In the world of weeds, there are weeds that are around all the time such as perennials, and then there are weeds that only show up for a short time, also called annuals. Both life cycles can be frustrating when trying to control them and perennials are usually more difficult to eliminate.
Many perennials have deep or extensive root systems that make hand pulling an almost futile effort. Annuals, since they only live a short time, can usually be pulled out and disposed of, but they often leave behind hundreds if not thousands of seeds, waiting for the right temperature and moisture levels to start growing again.
Types of Annuals in your Lawn and Landscape
There are two types of annuals: winter and summer. Winter annuals germinate in the fall, over winter in a vegetative state and then start growing again in the spring. In the warmer parts of the country, winter annuals continue to grow throughout the cooler winter months. At the end of their life cycle, winter annuals will flower, produce seeds and die with the heat of the summer. Summer annuals germinate in the spring, grow leaves, produce a flower, seed head and then die with the cooler weather of fall. We are amid the summer annual season.
All soils contain seeds of various plants, which are mostly weeds. Weed seeds can germinate even after being underground for many years. If you have ever weeded your garden and removed all the weeds that were growing there, in just a few days, a whole new crop will begin to emerge. Keeping weeds under control in a garden is an unending chore.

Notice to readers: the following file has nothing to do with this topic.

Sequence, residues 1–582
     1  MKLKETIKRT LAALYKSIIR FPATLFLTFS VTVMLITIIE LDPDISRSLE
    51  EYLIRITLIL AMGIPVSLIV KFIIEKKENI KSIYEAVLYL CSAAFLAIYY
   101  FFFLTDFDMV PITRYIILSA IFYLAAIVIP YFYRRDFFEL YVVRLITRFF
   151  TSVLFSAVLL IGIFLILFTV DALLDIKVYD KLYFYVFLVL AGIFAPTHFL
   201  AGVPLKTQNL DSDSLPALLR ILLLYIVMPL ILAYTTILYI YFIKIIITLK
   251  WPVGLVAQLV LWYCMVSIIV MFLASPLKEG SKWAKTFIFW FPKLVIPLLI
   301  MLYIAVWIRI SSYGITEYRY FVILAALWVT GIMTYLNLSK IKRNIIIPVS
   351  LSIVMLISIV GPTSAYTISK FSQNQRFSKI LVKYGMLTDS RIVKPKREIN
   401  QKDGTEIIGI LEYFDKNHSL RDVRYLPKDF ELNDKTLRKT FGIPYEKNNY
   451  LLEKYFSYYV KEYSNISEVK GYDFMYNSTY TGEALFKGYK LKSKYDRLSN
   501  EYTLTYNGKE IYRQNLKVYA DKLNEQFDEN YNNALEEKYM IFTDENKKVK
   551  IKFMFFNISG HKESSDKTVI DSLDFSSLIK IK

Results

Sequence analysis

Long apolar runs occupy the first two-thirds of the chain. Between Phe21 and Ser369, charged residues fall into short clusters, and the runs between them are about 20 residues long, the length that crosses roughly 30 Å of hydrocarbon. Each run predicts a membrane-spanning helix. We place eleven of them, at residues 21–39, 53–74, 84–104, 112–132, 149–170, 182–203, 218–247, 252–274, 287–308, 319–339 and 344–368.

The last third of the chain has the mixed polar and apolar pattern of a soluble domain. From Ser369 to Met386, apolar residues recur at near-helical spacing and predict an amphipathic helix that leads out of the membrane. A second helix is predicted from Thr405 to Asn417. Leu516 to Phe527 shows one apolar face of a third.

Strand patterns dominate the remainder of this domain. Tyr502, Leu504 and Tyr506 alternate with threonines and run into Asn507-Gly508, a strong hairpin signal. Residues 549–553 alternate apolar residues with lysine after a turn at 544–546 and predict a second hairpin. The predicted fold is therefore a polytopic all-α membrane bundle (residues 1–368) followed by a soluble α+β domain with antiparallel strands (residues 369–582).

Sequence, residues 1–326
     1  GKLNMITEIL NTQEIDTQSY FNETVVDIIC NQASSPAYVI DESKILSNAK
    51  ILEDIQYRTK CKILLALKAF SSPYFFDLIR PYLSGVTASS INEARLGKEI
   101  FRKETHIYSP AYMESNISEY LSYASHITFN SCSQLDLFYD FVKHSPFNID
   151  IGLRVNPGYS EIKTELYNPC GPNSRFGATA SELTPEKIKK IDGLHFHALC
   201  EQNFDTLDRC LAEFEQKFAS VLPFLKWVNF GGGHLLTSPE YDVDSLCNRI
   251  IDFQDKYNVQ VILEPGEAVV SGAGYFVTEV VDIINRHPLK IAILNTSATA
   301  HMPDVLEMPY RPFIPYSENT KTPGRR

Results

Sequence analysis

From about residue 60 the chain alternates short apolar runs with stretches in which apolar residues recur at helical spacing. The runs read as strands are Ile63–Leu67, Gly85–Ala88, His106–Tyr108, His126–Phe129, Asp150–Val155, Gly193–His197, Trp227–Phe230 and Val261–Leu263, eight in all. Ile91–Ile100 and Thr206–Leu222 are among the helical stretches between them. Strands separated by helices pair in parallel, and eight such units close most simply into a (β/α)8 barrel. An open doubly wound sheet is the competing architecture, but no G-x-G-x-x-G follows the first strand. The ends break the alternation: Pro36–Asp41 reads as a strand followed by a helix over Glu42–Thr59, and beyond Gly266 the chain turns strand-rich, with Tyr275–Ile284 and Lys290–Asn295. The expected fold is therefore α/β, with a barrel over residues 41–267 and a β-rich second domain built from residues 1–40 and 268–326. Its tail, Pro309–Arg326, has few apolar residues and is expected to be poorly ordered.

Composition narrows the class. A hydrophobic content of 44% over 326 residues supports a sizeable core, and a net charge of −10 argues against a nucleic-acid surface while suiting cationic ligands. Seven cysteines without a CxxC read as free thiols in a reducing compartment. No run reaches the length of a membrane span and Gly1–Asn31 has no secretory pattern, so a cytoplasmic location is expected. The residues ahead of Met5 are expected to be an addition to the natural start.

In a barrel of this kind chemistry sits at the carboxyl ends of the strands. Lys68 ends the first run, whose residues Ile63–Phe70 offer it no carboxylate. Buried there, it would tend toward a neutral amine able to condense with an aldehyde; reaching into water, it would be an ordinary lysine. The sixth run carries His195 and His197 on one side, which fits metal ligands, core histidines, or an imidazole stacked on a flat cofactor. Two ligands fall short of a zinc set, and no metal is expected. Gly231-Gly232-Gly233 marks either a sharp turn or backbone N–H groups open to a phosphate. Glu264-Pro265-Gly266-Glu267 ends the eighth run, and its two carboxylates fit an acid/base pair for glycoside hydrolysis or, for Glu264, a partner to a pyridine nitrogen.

Using mulch is a great way to keep weeds under check, but even it must be maintained on an annual basis. This means adding fresh mulch every year. A three-inch layer of mulch will keep weeds down and provide nutrients to the plants growing in the garden as the mulch decomposes. If not maintained, in a year or so, the mulch will be covered in all types of weeds.
Summer Annual Weeds
Probably the most notorious summer annual is crabgrass. This hated summer annual grass type weed will germinate as early as February in the South and as late as July in the North. Each crabgrass plant can produce several thousand seeds that are left in the soil to germinate again next year. There are weed control materials that help to prevent crabgrass from germinating. There are newer weed control products that will selectively control crabgrass without damaging the desired turf grass. Crabgrass can be hand-pulled, but often, the population is so great that this would be a daunting task.
There are many broadleaf weeds that are summer annuals. Some are mainly in the South, such as Chamberbitter, while others are more universal, such as Oxalis, Spurge and Knotweed. For the most, these weeds can be easily controlled with most commercially available weed control products. Be sure to read the product label before using and make sure the product will only kill broadleaf weeds without damaging your lawn.
If weeds are a problem in your lawn, contact your neighborhood lawn care professional at Spring-Green. They can work with you to get your weeds under control and help create a healthy better looking lawn.